When an Anna Hazare or an Arvind Kejriwal rises in protest against the shamelessly blatant abuse of power by those who hold it or when thousands gather at India Gate to voice their anger against the pain inflicted on the women in this country the optimist, all battered and bruised, hopes that things will change for the better. The cynic, though, gains in confidence as he sees these movements fall flat on their faces, with the State using all its might to squash all protests.

The optimist within me sees hope in every single candle march, every single voice of dissent out there (on platforms both virtual and real) while the pessimist can’t help wondering if any of it would lead to any real change.

At the moment, the cynic does seem to be winning every time and the odds do seem stacked in his favour. But no matter how outrageously hopeful the optimist within me might seem I’ll still do the crazy thing and back him till the end.

(The writer is my brother. He’s also an engineer-turned-banker, a feminist, a cricket fan, a movie buff and among the most intelligent, fearless and down-to-earth people I have ever known.)

On Markandey Katju and the fine art of outsourcing protest

Justice Katju’s latest article ridiculing protesters who raise their voices against rapist-murderers was fresh proof of his prejudiced and recalcitrant mind. It’s tragic such people often slip truisms of the ‘media is celebrity-obsessed’ variety in their otherwise vile rants and end up striking a cord with way more people than they ideally should.

Justice Katju’s latest verbal fit is also symptomatic of a deeper malaise: the desire to outsource our protest and obsessively look for mass support for our cause. In other words, it articulates the desire to see our protest shouted out to the world and its TV cameras by those who have the time, energy and ability to.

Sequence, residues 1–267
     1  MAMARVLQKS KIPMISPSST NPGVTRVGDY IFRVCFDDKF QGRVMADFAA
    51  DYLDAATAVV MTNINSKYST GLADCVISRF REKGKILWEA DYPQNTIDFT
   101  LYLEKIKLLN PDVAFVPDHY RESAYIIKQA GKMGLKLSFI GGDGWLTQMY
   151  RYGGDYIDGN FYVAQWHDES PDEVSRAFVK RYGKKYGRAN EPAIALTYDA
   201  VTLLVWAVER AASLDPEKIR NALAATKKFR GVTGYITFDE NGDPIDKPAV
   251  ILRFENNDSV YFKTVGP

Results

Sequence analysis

This desire, if it remains just that, isn’t dangerous. It becomes so when it appears unfulfilled and causes mistrust and loathing towards that one and only group of people that can be counted on for support for any worthy cause- the protesters. Yes, that same bunch of often young, mostly ill-paid, permanently sunburned and far more dented and far less painted as a certain President’s progeny will have you believe.

So Justice Katju’s tirade was an expression of his annoyance at seeing what he thought was a bunch of women protesters obsessed with something he believes is a non-issue, or perhaps not as worthy a cause as those he (thinks he) is personally passionate about.

We should know this because we often come across less obnoxious versions of Justice Katju. We have all seen many who like their protests outsourced. There are many who hate it if the cries out there don’t exactly repeat their own.

When Bombay mourned Keenan and Reuben, what nagged at our mind was what Arundhati Roy taught us about urban protests and protesters. ‘Why no candle marches for soldiers blown up by Naxalites?’ some asked when Bombay socialites teared up over 26/11. Kashmiri Pandits are often dismissed as obsessive nuts and are judged about their silence over Gujarat. And speaking about the Gujarat riots automatically gets you branded as a fake, Congress-loving ‘pseudo-intellectual’ whose ‘pseudo-secularism’ makes her intrinsically indifferent towards Sikh or Hindu targets of violence.